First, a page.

7:30pm—Summer Festival Aug. 11 at The Huntington. Flutist Larry Kaplan, violinist Luke Maurer, and harpist Alison Bjorkedal perform traditional Vietnamese folksongs accompanied by dan bau virtuoso Vân Ánh Vanessa Võ. Other performances include a rendition of Thành’s “Ascending Dragon” and more. The Loggia of the Huntington is located at 1151 Oxford Rd., San Marino. Grounds open at 5:30 for dinner and picnicking patrons and at 6:30 for concert patrons. For more information call (800) 726-7147 or visit swmusic.org.
Sunday, August 12
2pm—The Bluebird Reading at Ave. 50 Studio. The Hollywood Institute of Poetics presents this poetic reading hosted by Jessica Ceballos and featuring Steve Abee, Christian Alvarez, Cassandra Love and an open reading after the feature. The studio is located at 131 N. Ave. 50. For more information, call (323) 258-1435.
4pm—Funky Punk at Levitt Pavilion in MacArthur Park. Kids can enjoy a free fun, interactive, circus clown extravaganza complete with puppetry, stilt-walkers, dancers, trampoline tricksters and more. The Pavilion is located at 2230 W. 6th St. For more information call (213) 384-5701 or email info@levittLA.org.
6-9pm—Hot August Night: A Neil Diamond Tribute. Come enjoy a musical tribute to Neil Diamond at the Eagle Rock Recreation Center and support the annual Concert in the Park series. Center is located at 1100 Eagle Vista Drive. For more information call (323) 254-5295.
Tuesday, August 14
4-6pm—Summer Picnic at Bell Gardens Neighborhood Youth Center. Bring a picnic and eat “al fresco” with your neighbors; enjoy other activities including races, crafts, music, and more. Free for children ages 7-12. The youth center is located at 5856 Ludell Street. For more information, call (562) 806-7667.
Wednesday, August 15
10am-2pm—LA Downtown VA Clinic Hosting Open House. Veterans and their families can learn about local job opportunities with employers like LAPD, Vons, and Chase Bank, and learn more about healthcare enrollment and needs. Veterans in the healthcare system that bring a fellow Veteran who gets enrolled, receives a super gift bag that includes a towel, blanket and flash drive. The Los Angeles Ambulatory Care Center is located at 351 East Temple Street. For more information contact Charles Green at (424) 645-9865 or visit www.losangeles.va.gov.
Los Angeles Mayoral Candidate Forum presented by Ya Basta and the East Los Angeles Chamber of Commerce on Thurs., Aug. 16 from 6 to 8 p.m. Refreshments available. Location: La Casa del Mexicano, 2900 Calle Pedro Infante in Boyle Heights. For more information, contact Art Pullido at (323) 854-1473 or email Jose Aguilar at email@example.com
Penny Lane Centers presents “Arms Open Wide” fundraising/comedy event on Aug. 19 at 6pm. Laugh and enjoy a great time supporting LGBTQ foster youth and their families with comedians featured on Comedy Central, Chelsea Lately, and more. Location: Eleven Bar and Nightclub, 8811 Santa Monica Blvd. in West Hollywood. For more information visit www.pennylane.org or email firstname.lastname@example.org.
It’s almost time for the Charity Golf Classic 2012 presented by the Bell Gardens Chamber of Commerce. Buy a ticket before they are completely sold out. $175 per player; includes lunch, drinks and dinner. Registration at 9 am; 11 am is the shotgun start and on course lunch; there will be an awards banquet at 4 pm. The Montebello Country Club is located at 901 Via San Clemente Montebello, Ca 90640. For more information call the Bell Gardens Chamber of Commerce at (562) 806-2355.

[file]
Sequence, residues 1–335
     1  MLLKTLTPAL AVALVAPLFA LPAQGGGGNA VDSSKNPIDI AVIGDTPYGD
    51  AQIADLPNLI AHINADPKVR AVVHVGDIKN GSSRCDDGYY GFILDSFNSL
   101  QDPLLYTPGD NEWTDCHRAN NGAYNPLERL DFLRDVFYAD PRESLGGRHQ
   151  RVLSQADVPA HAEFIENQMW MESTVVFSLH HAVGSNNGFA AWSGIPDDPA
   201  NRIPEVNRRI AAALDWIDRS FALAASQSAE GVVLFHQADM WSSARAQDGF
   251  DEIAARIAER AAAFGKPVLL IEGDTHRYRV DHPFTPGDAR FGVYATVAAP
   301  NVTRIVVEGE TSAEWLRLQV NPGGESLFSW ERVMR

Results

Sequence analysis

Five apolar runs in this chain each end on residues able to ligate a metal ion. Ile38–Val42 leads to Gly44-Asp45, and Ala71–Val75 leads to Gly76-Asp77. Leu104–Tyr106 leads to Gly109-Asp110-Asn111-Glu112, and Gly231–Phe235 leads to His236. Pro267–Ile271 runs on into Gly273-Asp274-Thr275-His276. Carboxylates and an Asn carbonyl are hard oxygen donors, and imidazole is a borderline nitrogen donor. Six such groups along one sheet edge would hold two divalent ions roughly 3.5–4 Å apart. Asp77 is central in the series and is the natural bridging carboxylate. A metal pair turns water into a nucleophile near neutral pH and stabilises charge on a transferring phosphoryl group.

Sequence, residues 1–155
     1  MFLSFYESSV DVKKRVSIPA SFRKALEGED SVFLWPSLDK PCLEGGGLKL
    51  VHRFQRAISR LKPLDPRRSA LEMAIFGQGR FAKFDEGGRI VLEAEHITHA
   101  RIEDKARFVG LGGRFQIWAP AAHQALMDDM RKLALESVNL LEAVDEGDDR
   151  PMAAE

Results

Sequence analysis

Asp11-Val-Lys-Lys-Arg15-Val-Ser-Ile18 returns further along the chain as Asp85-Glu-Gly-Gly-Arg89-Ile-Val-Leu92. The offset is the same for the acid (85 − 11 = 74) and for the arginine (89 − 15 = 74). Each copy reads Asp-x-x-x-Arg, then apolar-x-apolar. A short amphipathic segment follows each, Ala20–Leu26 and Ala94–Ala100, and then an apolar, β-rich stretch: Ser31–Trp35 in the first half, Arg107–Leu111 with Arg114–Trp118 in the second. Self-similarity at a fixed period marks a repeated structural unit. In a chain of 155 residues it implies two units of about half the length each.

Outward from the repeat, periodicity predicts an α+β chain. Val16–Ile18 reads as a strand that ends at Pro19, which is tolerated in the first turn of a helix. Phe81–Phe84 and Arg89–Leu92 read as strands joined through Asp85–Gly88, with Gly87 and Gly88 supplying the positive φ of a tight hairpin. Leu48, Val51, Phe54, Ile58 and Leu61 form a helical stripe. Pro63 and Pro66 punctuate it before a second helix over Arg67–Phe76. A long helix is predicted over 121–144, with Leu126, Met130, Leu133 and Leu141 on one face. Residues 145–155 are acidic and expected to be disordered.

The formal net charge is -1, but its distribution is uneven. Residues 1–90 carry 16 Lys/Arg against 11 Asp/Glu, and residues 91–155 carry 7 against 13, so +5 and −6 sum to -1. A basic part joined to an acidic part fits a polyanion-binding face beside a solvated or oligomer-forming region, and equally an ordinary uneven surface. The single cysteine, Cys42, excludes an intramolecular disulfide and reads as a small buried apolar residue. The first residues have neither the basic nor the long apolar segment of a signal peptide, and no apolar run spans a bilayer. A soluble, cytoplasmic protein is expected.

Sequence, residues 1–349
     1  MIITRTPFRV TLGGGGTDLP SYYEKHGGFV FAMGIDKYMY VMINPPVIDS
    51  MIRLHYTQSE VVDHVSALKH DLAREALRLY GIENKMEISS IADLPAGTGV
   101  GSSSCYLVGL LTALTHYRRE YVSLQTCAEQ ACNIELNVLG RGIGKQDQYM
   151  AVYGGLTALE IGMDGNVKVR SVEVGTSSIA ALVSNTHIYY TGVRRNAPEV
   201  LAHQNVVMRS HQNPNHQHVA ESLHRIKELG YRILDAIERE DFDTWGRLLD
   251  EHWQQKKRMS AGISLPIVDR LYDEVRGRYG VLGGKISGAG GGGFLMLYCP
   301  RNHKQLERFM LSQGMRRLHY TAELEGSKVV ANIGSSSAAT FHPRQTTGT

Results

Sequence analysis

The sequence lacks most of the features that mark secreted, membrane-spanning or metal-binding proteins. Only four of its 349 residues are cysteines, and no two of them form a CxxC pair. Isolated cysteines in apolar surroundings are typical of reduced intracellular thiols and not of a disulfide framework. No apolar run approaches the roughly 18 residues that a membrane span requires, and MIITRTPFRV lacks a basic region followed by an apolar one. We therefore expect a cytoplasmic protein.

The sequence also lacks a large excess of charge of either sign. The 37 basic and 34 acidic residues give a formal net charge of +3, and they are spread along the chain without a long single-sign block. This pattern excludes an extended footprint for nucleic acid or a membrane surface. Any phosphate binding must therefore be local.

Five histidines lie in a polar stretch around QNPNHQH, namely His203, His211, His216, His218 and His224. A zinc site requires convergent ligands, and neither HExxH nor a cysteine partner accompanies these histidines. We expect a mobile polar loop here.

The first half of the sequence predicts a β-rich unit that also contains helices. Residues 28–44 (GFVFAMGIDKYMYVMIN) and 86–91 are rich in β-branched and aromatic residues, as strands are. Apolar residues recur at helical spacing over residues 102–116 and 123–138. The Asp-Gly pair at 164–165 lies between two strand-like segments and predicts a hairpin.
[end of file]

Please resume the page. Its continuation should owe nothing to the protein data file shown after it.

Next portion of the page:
Geek Squad Summer Academy will have its two-day run starting August 25 at the Boyle Heights Technology Youth Center. Students will learn about the latest technologies in fun and interactive ways with classes on programming, digital photography, digital music and more. $10 fee goes towards a drawstring backpack, a 1GB USB drive, a t-shirt, and lunch for two days. Sign up today at http://geeksquad.com/summeracademy.
Sponsors needed for 4th Annual Taste of East LA at the East Los Angeles Civic Center on Sept. 8. The family-friendly event features over 20 restaurants in East LA, live bands, mariachis, DJ’s and more and is hosted by the East Los Angeles Chamber of Commerce. For sponsorship opportunities call (323) 578-0513 or email email@example.com.
Pan American Bank Offers Tickets to Chivas USA Games to Small Business Owners to either the Sept.15th or Sept. 29th game at the Home Depot Center. To qualify, small business owners must provide the last three months of credit and debit card processing statements for review by a Pan American Bank rep, who will show you how to save money. Non-profit organizations can also participate. For more information, email Alex Penaloza at firstname.lastname@example.org or call Alex at (323) 264-3310.
Montebello High Class of 1972 will hold its 40th Year Reunion on Sept. 15, from 6pm until the wee hours at the Masonic Banquet Hall in Whittier. Other classes from the 70s are also invited. Rekindle friendships and memories as you enjoy an evening of dinner & dancing. Tickets: $65 per person before Aug. 31/$75 after. Casual dress. For more information or to purchase tickets, call (323) 728-2728.
Submit an event or announcement to the Community Calendar: email email@example.com. All submissions subject to space availability. Paid advertising available; for more information, email firstname.lastname@example.org or call (323) 341-7970.